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Castro Demands Obama Drop Blockade, Return 'Illegally Occupied' Guantánamo

Fifty-five percent of Americans said they support ending the 54-year-old trade embargo

An awkward moment between U.S. President Obama and Cuban President Raul Castro. (Photo: Ramon Espinosa/AP)

An awkward moment between U.S. President Obama and Cuban President Raul Castro. (Photo: Ramon Espinosa/AP)

During the first family's historic visit to Cuba on Monday, the Cuban president confronted President Barack Obama about the crippling trade embargo and called on him to "return the territory illegally occupied by Guantánamo Base."

At an afternoon press conference in Havana, the two leaders touted the "concrete" achievements made since the countries resumed diplomatic relations in December 2014.

"In the 15 months that have passed since the decision was made to establish diplomatic relations, we have achieved concrete results," declared President Raúl Castro. These include resuming direct postal exchanges, and signing agreements to resume commercial flights, govern maritime environments, and pending deals regarding agriculture, drug trafficking, medicine, and other "commercial operations," such as telecommunications.

However, Castro added, "Much more could be done if the U.S. blockade were lifted."

Fifty-five percent of Americans said they support ending the 54-year-old trade embargo, according to a CBS News/New York Times poll released on Monday. A full 58 percent support the normalization of diplomatic ties between the two countries.

Castro acknowledged that Obama's "repeated appeals to Congress to have [the blockade] removed" have been ignored. But, Castro said, the measures adopted thus far "are positive but insufficient" and volunteered "other steps that could be taken to remove restrictions that remain in force and make a significant effect in the reduction of the blockade."

"The blockade remains in force and it contains discouraging elements and intimidating effects and [is guilty of] extraterritorial outreach," Castro stated.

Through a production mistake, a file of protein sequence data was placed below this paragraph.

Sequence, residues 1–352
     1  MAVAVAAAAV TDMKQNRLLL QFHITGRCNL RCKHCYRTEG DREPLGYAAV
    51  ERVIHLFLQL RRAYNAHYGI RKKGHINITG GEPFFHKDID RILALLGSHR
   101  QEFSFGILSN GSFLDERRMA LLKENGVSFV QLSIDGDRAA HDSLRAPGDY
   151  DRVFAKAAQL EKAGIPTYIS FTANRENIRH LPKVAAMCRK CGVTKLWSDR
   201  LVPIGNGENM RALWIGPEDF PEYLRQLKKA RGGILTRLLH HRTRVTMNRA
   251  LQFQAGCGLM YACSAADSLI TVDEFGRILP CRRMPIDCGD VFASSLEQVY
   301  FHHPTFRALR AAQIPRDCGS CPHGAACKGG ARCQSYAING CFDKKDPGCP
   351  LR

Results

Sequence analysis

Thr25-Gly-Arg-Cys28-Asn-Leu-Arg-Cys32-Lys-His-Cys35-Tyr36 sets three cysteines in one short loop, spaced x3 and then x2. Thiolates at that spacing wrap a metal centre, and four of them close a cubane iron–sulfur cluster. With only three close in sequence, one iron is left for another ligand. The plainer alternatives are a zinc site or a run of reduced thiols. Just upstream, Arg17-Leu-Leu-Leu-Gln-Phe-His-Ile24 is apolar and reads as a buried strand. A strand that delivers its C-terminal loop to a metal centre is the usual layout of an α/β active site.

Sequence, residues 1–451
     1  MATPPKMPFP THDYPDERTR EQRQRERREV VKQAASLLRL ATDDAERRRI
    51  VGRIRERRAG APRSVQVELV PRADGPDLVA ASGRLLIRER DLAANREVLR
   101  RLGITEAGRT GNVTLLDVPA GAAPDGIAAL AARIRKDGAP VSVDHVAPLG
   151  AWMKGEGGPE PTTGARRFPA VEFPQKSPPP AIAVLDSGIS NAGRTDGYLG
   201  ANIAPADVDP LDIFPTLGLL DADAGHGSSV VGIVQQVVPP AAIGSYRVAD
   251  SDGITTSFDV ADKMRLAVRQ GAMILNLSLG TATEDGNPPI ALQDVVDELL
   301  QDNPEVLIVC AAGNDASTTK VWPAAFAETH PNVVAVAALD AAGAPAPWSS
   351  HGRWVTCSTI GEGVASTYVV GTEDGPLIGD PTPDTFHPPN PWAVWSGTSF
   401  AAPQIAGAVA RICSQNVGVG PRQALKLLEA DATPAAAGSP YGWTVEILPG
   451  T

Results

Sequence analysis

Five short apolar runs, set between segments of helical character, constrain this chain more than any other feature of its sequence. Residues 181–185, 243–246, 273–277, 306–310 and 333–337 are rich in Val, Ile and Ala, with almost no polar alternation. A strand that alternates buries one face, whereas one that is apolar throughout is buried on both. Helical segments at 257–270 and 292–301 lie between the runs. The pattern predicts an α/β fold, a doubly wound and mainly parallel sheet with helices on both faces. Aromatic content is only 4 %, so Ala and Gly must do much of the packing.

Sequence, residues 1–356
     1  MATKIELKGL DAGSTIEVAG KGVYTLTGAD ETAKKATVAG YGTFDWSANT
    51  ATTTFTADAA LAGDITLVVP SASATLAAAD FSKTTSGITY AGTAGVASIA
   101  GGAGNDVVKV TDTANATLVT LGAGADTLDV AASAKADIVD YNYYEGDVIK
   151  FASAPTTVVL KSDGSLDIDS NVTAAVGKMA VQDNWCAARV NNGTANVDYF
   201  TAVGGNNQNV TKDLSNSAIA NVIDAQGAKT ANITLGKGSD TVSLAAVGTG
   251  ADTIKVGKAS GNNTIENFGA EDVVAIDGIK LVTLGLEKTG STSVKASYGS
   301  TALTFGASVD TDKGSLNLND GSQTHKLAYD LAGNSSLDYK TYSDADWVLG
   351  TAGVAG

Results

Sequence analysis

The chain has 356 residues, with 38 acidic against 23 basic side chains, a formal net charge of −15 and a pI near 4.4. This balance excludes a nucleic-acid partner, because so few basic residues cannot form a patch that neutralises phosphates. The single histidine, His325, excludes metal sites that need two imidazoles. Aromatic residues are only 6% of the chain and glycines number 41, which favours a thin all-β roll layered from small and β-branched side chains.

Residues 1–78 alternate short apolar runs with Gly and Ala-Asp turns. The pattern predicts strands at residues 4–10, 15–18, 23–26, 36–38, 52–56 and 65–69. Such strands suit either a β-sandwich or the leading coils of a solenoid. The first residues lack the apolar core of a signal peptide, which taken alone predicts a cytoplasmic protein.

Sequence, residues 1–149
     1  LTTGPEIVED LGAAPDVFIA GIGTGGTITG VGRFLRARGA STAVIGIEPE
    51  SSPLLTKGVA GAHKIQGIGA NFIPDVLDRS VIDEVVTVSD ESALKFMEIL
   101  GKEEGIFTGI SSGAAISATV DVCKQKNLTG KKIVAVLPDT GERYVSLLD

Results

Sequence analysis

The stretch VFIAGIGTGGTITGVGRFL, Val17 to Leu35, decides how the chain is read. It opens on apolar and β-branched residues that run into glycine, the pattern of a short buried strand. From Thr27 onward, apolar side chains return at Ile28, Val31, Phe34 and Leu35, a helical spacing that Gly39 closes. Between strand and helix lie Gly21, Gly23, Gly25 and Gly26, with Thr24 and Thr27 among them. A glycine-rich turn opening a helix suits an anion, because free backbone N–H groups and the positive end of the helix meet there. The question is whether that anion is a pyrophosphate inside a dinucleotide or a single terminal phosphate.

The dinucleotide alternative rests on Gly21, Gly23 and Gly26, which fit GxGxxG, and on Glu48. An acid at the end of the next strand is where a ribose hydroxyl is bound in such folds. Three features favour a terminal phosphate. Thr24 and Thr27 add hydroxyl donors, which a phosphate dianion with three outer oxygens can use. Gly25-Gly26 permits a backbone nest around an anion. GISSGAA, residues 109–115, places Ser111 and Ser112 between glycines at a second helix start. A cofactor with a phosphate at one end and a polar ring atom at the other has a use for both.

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In response, Obama again put the onus on Congress to repeal the embargo, adding, "Frankly Congress is not as active as I would like during presidential election years."

The Cuban leader also said that in order to truly normalize relations, the U.S. must "return the territory illegally occupied by Guantánamo Base," a demand which the Obama administration has thus far refused.

Secretary of State John Kerry said during a recent hearing that "there's no plan, no discussion" about returning the offshore naval base and prison, adding that he would "personally be opposed to that."

Castro, who has been under fire for reported human rights abuses including crackdowns on political dissidents, took a swipe at the United States' own record when it comes to prisoner abuse and issues of social and economic justice.

"There are profound differences between our countries that will not go away, since we hold different ideas on many subjects, such as political systems, democracy, the exercise of human rights, social justice, international relations, and world peace and stability," Castro said. "We defend human rights. We consider that the civil, political, economic and cultural rights are indivisible, interdependent and universal."

The communist leader said that Cubans "find it inconceivable that a government does not ensure the right to healthcare, education, social security, food, and development, equal pay, and the rights of children."

Further, he said that Cubans "oppose political manipulation and double standards in the approach to civil rights," a comment which the Guardian said "could easily be read as a criticism of U.S. actions in Guantánamo versus its rhetoric on human rights."

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